Whether you’re a tearer, a folder, a scruncher, or a chucker, there’s nothing like opening a wrapped gift that’s especially suited to you.

Amid the hugs and backslaps it’s hard to say who it’s more satisfying for – the giver or the receiver.

But when little Millie gets the new PlayStation while Amir’s staring at his plastic water gun, the thin film of politeness peels away. We don’t just wonder why we have the gifts we do. We wonder how much they cost.

This holiday season, we’re exploring the ethical dimensions of splurging on gifts. Are there unspoken rules for those with deeper pockets? Is it killing the spirit of generosity to peer at the price tag? Or is keeping mum about money letting us pretend we don’t owe things to each other all the time?

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There are so many different kinds of purposes tied to gift giving on Christmas, or any large celebration. We like to think of these sorts of gifts as intrinsically good, making them different from bribes given for personal gain.

For some, gifts are an informal way to foster love and support in mutual relationships. They encourage closeness and dependencies between social circles to reveal links our individualism tends to hide.

They’re known to shape our moral character and encourage selfless generosity, even to remove feelings of emotional debt that have accumulated throughout the year. Though we speak of gifts as just ways to “show love and appreciation”, our reasons are often more layered than that.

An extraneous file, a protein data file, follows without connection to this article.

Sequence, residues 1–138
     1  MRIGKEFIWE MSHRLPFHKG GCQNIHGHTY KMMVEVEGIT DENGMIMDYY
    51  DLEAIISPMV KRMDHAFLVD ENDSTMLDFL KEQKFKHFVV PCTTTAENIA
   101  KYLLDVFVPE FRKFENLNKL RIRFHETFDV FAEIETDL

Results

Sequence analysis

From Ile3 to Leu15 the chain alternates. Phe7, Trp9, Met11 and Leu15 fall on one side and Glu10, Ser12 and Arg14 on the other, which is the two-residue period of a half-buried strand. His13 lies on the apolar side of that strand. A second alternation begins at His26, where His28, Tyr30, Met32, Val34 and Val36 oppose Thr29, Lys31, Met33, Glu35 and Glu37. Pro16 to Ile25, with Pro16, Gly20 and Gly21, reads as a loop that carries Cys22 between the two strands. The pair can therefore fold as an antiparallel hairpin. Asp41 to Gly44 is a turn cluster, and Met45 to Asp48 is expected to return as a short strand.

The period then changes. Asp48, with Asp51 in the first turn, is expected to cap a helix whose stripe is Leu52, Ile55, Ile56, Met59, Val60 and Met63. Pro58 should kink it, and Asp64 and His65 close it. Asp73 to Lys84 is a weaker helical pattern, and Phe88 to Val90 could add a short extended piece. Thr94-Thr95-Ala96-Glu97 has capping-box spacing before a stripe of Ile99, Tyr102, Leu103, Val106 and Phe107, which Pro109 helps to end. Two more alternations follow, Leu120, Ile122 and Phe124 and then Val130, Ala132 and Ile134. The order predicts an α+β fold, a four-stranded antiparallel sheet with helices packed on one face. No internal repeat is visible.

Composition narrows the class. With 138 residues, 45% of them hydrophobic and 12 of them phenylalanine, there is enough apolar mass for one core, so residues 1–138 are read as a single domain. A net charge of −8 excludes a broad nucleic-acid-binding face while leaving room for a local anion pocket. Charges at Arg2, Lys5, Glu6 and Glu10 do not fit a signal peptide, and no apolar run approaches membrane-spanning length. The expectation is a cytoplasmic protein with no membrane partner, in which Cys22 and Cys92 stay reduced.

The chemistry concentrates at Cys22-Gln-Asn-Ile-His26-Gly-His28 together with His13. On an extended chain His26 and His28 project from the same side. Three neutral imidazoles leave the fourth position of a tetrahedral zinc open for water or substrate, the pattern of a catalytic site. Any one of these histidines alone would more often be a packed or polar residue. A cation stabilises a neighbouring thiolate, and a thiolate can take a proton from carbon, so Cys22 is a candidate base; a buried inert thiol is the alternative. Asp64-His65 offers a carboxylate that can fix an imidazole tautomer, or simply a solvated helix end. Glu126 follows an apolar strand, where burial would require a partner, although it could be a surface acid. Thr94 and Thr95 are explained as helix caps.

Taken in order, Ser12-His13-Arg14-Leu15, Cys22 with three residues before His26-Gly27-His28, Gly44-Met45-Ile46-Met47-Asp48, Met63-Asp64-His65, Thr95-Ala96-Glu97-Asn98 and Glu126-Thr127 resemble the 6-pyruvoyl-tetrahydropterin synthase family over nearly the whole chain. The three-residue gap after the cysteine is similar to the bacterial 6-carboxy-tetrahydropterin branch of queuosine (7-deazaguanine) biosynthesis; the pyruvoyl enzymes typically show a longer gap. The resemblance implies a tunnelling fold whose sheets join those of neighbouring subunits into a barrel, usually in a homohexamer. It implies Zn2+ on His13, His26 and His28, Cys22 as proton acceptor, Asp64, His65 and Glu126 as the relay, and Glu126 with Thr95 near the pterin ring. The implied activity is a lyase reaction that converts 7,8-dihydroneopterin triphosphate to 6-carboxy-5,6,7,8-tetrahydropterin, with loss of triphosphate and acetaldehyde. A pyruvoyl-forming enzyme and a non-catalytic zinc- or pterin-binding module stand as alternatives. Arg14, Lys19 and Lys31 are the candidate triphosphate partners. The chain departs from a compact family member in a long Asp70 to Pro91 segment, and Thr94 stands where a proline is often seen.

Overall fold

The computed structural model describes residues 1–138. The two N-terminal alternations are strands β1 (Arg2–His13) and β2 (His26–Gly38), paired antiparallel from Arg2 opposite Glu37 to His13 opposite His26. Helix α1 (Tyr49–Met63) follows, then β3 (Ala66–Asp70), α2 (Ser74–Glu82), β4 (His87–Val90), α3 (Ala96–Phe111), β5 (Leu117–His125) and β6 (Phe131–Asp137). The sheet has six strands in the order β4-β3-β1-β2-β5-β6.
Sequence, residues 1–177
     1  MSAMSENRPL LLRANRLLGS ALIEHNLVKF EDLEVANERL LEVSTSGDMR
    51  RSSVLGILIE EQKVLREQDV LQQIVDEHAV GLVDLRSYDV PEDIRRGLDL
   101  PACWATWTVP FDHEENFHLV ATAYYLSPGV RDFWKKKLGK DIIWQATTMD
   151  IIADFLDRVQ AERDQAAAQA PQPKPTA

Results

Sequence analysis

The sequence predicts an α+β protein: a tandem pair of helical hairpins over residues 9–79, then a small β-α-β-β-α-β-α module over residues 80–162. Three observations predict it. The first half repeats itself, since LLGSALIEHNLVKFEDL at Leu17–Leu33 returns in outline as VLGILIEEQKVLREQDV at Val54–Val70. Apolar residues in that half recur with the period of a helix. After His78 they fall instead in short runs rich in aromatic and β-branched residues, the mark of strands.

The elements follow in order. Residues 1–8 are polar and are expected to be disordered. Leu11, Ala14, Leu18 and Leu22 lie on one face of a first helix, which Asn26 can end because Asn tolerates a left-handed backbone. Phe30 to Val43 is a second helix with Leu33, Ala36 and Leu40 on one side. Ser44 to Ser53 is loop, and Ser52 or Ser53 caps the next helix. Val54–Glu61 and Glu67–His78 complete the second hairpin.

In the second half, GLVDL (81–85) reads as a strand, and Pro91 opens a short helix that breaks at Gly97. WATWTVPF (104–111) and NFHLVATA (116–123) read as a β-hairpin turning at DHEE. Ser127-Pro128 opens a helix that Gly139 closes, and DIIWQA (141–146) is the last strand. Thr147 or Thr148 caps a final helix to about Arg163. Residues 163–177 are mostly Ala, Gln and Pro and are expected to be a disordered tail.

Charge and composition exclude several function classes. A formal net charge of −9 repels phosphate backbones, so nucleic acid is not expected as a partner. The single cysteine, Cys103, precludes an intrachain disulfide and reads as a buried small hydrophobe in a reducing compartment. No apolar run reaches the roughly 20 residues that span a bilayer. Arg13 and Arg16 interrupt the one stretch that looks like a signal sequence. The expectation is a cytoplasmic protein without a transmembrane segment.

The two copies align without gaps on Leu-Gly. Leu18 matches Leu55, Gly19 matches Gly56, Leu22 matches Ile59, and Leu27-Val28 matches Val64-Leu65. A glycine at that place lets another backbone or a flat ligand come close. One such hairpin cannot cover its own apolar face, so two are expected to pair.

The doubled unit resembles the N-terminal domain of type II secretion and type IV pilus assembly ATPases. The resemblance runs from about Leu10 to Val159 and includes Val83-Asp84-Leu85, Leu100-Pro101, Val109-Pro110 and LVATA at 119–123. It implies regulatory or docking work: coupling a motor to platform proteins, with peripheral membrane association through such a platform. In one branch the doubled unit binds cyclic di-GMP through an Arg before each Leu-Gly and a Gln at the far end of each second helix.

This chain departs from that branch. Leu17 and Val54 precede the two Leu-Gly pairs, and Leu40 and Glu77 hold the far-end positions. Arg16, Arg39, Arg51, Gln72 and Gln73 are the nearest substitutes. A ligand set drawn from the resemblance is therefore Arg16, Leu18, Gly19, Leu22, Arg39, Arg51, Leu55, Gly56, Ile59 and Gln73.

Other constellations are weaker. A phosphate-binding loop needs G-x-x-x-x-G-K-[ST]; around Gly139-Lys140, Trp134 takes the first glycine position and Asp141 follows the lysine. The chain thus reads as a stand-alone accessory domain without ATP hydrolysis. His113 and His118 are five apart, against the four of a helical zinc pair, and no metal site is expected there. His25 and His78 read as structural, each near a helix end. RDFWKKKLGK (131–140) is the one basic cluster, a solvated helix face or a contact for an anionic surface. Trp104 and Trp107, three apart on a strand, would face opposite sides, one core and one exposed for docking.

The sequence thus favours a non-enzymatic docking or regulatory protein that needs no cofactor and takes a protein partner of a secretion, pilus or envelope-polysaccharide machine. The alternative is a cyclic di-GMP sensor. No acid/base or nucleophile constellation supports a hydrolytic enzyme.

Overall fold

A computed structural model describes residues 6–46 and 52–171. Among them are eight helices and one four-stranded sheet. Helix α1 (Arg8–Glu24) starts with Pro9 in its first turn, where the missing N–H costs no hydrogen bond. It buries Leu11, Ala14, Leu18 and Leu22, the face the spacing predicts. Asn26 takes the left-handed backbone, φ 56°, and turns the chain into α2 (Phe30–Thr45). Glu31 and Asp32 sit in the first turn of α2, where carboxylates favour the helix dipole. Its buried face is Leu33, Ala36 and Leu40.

This doesn’t have to be self-indulgent navel-gazing. Examining the purpose of a gift matters because it encourages us to consider if that special, one-of-a-kind purchase is the only way to fulfil it. What duties or consequences should you consider before making that jump?


The duties of gifting

If you are feeling the end of year pinch, you have a duty to yourself to make sure the gift giving season doesn’t put you into financial strife. But if that conflicts with the duty to be fair to your friends and family, ask yourself what matters more. After all, gifts are often an exchange, and appreciating someone’s thoughtfulness can come with offering a similarly tasteful gift of your own.

If the gift is for a friend or peer, we might worry about setting an expectation or precedent we can’t fulfil. If it’s for someone who would struggle to fork out a similar amount of money for a gift, would this leave them feeling uncomfortably tied to you? And if you want to spread the holiday cheer, this leaves your pool of lucky recipients fairly limited.

Nor can the growing consciousness around our impact on the environment be ignored. Are these gifts worth the cost to landfills, unethical supply chains, and our collective duty to preserve the health of the land we live on?

But let’s not dwell on the negative. There are heaps of positive consequences too. Don’t forget the good that comes from making the people around you feel extra special and appreciated. If you struggle with miserliness, or excessive penny pinching, this could be a win-win way to encourage generosity in you, and make someone else very happy. It’s always worth thinking of how your actions reflect your character.

When all is said and done, the holidays are a time to rest. The softening pleasures of food, drink, company and play don’t have to get in the way of a well examined life. In fact, slowing down our frenetic, demanding lives to allow time to recuperate may be just what we need most: the modest admission that we cannot do everything perfectly. Good enough is good enough.

That’s the spirit!